Police have offered few details. Nor have they made public whether any officers were equipped with Tasers or had in their possession Mace or pepper spray that they could have used to subdue Skeens.
Henrico police Maj. John Bolling said that an effort has been under way for months to equip all officers with modern Tasers, an effort that could take two more years. He declined to comment on the Skeens case.
Police also will not say whether the officer who shot Skeens fired on his own volition or accidentally, or exactly how close Skeens came to the officers involved, a critical factor in determining when he may have represented a threat. Police said they will not respond to most questions because investigations are ongoing. The officer who fired the shot is on administrative leave.
Police initially reported to media that “shots” were fired after a struggle during attempts to take Skeens into custody. But later in the day, police said a struggle did not occur, and that a single shot was fired “by one of the two officers on the scene.”
Pulling and another witness said as much as a half-hour may have elapsed between the time police arrived and the shooting. At least a dozen officers were present when the shooting occurred, Pulling said, although some were as much as a block from the incident.
Henrico Commonwealth’s Attorney Shannon Taylor said she is purposely avoiding news accounts of the incident to maintain objectivity, but she went to the crime scene that Thursday to familiarize herself with the surroundings.
“I’m going to let the professionals do their jobs,” she said, vowing confidence in the ability of Henrico police to investigate the shooting by one of their own officers. Taylor will be responsible for reviewing a police report into the incident and will decide whether the matter should be referred to a special prosecutor.
“I think it is important that the public understands what happens in these incidents,” Taylor said, promising openness about the situation once facts in the case are more clear.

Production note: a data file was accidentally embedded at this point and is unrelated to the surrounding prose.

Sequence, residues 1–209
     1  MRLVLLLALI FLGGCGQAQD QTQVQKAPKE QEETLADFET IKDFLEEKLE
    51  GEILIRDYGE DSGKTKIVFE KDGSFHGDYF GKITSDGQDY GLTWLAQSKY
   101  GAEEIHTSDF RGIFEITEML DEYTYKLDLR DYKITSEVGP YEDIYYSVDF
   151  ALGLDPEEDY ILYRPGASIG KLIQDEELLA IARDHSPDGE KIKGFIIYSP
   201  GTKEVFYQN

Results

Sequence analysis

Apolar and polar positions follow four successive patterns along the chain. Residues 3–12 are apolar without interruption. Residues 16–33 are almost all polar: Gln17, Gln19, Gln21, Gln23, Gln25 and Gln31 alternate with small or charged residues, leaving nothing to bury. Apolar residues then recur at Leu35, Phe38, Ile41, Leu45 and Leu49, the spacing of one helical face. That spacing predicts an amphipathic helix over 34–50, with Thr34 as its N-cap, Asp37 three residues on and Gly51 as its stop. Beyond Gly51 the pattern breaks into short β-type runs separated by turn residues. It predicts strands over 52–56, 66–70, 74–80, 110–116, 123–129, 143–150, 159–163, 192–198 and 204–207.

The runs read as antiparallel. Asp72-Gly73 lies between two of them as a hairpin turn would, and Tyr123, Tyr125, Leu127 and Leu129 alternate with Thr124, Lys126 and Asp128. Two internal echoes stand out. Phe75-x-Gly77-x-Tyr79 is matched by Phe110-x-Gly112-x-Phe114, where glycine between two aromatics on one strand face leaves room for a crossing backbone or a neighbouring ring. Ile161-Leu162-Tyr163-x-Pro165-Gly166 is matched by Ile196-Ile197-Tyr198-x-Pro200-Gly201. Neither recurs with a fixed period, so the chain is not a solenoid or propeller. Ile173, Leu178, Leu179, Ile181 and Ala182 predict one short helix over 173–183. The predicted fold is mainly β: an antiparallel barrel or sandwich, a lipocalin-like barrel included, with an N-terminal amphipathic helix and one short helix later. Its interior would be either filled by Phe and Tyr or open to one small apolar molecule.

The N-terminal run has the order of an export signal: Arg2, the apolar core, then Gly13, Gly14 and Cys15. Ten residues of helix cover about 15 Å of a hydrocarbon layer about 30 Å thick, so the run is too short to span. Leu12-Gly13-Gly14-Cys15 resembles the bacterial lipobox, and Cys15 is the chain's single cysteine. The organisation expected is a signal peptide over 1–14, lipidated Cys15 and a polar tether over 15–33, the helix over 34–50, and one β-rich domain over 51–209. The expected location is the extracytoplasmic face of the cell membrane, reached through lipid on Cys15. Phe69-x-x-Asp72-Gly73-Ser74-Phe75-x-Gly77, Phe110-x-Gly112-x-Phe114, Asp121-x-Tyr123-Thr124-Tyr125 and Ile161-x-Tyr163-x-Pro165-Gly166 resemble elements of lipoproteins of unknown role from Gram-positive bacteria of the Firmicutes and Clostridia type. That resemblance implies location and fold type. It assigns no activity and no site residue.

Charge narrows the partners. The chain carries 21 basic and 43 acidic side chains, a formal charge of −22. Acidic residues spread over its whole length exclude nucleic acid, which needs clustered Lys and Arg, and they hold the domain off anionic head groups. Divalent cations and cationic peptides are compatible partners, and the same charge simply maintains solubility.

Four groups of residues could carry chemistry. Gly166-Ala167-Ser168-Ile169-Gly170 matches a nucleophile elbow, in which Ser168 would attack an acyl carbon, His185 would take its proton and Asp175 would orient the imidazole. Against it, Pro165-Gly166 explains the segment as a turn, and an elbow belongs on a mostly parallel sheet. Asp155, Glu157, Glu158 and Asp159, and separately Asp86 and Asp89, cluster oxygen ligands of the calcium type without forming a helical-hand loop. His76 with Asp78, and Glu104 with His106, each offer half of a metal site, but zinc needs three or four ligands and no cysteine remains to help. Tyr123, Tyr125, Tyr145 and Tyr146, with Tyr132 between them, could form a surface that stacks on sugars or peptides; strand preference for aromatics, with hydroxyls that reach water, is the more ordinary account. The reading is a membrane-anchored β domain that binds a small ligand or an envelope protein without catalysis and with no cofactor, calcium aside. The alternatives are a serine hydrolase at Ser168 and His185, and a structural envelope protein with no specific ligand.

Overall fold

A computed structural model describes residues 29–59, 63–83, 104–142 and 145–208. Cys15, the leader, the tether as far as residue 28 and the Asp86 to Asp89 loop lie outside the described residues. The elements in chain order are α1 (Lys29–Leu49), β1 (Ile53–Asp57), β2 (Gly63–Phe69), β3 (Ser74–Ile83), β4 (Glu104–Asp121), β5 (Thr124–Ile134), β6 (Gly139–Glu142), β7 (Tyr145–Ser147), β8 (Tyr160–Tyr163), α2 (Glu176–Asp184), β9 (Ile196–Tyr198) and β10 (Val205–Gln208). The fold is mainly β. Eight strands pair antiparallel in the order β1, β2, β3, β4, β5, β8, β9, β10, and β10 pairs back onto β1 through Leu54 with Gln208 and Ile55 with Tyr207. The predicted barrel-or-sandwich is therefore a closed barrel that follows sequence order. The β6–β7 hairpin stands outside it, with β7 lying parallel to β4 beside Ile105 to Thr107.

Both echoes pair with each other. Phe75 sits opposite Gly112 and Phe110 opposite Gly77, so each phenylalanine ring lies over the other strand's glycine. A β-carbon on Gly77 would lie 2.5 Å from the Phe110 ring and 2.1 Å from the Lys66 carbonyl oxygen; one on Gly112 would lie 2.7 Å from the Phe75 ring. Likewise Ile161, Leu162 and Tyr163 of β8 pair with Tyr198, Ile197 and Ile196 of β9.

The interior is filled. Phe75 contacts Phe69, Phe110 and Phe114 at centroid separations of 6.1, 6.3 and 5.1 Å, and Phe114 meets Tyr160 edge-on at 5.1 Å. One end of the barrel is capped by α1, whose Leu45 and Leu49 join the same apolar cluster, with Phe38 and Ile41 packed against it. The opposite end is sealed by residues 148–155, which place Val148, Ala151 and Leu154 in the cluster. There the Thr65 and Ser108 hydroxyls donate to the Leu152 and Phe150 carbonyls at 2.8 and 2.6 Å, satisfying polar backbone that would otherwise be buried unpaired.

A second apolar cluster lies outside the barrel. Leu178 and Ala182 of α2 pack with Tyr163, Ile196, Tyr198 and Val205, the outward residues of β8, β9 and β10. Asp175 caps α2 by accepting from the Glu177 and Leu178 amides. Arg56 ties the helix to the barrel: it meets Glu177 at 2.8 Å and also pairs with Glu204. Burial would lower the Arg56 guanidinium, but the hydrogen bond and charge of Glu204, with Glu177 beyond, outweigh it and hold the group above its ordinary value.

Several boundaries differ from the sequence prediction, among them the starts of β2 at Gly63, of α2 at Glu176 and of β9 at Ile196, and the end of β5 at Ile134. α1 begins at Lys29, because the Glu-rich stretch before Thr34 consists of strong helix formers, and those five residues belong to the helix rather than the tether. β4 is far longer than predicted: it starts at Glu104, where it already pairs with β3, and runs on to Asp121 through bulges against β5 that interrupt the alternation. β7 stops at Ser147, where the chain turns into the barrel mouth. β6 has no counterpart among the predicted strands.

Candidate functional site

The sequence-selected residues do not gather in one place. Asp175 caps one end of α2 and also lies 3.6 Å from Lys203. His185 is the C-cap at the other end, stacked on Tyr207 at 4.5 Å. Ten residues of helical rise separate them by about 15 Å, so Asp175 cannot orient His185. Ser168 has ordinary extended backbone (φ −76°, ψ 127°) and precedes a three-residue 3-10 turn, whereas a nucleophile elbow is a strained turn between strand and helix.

* * * * *Court records and interviews with people familiar with Skeens indicate he was taking medications for bipolar disorder, a condition typified by broad mood swings.
Skeens graduated in 2010 from Douglas Freeman High School but attended schools earlier in life for special-needs children. Court documents show that he was receiving federal assistance for his disabilities, and he had been under the care of mental health workers in Henrico before he turned 18.
Skeens describes himself on his Facebook page as a student at Vampire University (“blood alchemist and neck biter”) and draws a favorite quote, inaccurately, from the movie “G.I. Jane”: “Pain is you friend. Pain is not your enemy. If your feeling pain it means your alive.”
The morning of the shooting, Skeens had been in Henrico Circuit Court on a felony charge of embezzling money last year from the Walmart near his home. He worked there as a cashier.
Arrested in October in connection with the theft of about $3,200, Skeens was released from custody and indicted by a grand jury in March. Assistant Commonwealth’s Attorney Robert Cerullo said Skeens has been found competent to stand trial, and that a trial date is now set for June.
Skeens was hoping to make full restitution for the Walmart losses before the trial, Cerullo said. It was uncertain whether Skeens will recover sufficiently to make his June court date, and Taylor stressed that the shooting incident will have no bearing on the disposition of the embezzlement case.
Another matter looming over the Skeens shooting case is the growing scrutiny by mental health workers, affected families and enforcement agencies of police-involved shootings, especially in cases involving a mentally ill person.
Henrico began focusing on Crisis Intervention Training four years ago and is regarded as one of the best-trained police forces in the state in techniques to diffuse confrontations involving a mentally ill person.
In September, Henrico was recognized by an international group of CIT specialists for its training program in CIT issues.